Custom Teak Doors with Carving
The-Wood® Studio
Chiang Mai  Thailand
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Timber Doors Timber Custom Doors Timber Carved Doors Timber Design Doors Timber Double Doors Timber Exterior Doors  Timber Luxury Doors  Timber Entrance Doors and Timber Entry Doors  by The-Wood® Studio Thailand


The-Wood® Studio is a designer and manufacturer of timber double and single doors. We offer custom doorways, front wood doors, exterior doors, residential and garage doors made in solid timbers. We build unfinished, pre-finished and finished doors with and without frames. We make doors in French, Mexican, English, Victorian, Classic and Moroccan styles. We carve crests, coat of arms, logos, names, horses and flowers. We specialize in custom design doors in any style, size, thickness, and shape. We build wide range of timber entryways with one of a kind carving design and with the most unique ornaments. Shipping to US or Europe $500.00 USD only!

Current Projects: throughout the entire process of production, carving, packing, and shipping of your order we provide progress updates in the form of photos of the work being done available on-line 7/24 Current Projects!


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Gothic Door: Doors in Gothic houses were usually unglazed. In the most strongly Gothic houses, doors were ledged, with vertical planks or planks in a herringbone pattern. Oak was a prized wood. After 1860 it was more common to see glazed and leaded front doors. Typical colours used for painted front doors of pine or deal were dark blue, chocolate brown (favoured by Eastlake), deep red, or else olive green. Graining was also used. A key feature of the front door was a set of ornamental fittings, ideally in wrought iron. Regular door-to-door postal deliveries began in 1840 and the small letter-plate was introduced. Larger items were received by a maid or other domestic servant. The other furniture was a knocker and a pull to help to close the door. Internal Gothic doors might have been ledged, or else were panelled. As with the front door, those of better quality wood were polished, while those of pine and deal were either grained or painted. They were fitted with finger plates of iron or else brass.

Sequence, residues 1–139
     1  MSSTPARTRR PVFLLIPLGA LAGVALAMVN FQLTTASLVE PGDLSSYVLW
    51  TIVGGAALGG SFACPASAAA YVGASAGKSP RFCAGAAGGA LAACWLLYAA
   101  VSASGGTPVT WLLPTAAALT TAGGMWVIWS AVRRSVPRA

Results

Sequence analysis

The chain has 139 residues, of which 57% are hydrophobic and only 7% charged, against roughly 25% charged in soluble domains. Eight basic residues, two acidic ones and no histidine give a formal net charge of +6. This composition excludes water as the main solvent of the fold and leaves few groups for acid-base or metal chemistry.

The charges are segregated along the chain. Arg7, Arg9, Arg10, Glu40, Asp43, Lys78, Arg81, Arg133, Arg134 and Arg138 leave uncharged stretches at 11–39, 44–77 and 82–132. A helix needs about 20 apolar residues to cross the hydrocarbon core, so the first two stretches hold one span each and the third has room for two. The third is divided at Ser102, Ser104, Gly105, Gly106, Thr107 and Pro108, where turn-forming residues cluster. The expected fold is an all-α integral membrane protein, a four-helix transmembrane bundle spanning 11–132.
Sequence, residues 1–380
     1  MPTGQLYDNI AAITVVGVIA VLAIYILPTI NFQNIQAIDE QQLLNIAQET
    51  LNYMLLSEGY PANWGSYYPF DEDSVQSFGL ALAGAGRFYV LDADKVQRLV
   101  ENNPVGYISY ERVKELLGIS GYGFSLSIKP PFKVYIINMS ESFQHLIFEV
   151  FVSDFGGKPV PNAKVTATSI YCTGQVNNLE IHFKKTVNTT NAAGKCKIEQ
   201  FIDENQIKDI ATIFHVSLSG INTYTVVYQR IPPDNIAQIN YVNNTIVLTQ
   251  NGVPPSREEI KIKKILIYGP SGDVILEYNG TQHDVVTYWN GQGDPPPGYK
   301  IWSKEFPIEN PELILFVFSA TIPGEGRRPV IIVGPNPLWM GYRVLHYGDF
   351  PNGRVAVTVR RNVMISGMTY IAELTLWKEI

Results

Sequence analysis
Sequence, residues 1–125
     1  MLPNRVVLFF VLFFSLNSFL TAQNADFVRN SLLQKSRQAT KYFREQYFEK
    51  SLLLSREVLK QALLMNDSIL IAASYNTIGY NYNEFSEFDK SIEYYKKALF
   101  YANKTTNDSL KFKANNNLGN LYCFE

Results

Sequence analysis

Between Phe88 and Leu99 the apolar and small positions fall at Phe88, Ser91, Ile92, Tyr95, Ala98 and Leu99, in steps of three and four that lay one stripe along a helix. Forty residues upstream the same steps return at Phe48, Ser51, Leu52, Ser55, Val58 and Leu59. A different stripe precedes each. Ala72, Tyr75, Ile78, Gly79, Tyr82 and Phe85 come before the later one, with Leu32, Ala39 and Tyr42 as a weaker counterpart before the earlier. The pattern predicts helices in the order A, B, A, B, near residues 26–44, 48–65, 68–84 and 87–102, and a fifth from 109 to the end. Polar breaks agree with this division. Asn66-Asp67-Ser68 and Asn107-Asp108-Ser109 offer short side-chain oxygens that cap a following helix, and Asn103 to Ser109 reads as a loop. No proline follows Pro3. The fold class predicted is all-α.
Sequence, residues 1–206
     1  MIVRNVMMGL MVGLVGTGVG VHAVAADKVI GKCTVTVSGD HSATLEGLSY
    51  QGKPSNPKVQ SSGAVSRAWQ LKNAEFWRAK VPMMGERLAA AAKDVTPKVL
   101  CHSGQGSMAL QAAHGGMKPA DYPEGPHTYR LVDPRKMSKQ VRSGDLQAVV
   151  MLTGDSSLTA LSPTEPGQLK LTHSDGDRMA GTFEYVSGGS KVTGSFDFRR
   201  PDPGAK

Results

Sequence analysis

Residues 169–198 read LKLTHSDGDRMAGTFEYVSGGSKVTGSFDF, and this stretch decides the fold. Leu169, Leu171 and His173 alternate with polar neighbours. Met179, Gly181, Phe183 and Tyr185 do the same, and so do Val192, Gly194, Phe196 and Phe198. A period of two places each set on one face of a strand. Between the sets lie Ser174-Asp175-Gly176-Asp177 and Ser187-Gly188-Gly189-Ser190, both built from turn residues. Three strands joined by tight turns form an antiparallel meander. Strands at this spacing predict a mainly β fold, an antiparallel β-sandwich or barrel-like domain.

Gothic Architecture: is a style of architecture, particularly associated with cathedrals and other churches, which flourished in Europe during the high and late medieval period. Beginning in 12th century France, it was known as "the French Style", with the term Gothic first appearing in the Reformation era as a stylistic insult. It was succeeded by Renaissance architecture beginning in Florence in the 15th century. A series of Gothic revivals began in mid-18th century England, spread through 19th century Europe and continued, largely for ecclesiastical and university structures, into the 20th century.

Gothic Style: originated at the abbey church of Saint-Denis in Saint-Denis, near Paris, where it exemplified the vision of Abbot Suger. Suger wanted to create a physical representation of the Heavenly Bethlehem, a building of a high degree of linearity that was suffused with light and color. The façade was actually designed by Suger, whereas the Gothic nave was added some hundred years later. He designed the façade of Saint-Denis to be an echo of the Roman Arch of Constantine with its three-part division. This division is also frequently found in the Romanesque style. The eastern "rose" window, which is credited to him as well, is a re-imagining of the Christian "circle-square" iconography. The first truly Gothic construction was the choir of the church, consecrated in 1144. With its thin columns, stained-glass windows, and a sense of verticality with an ethereal look, the choir of Saint-Denis established the elements that would later be elaborated upon during the Gothic period. This style was adopted first in northern France and by the English, and spread throughout France, the Low Countries and parts of Germany and also to Spain and northern Italy.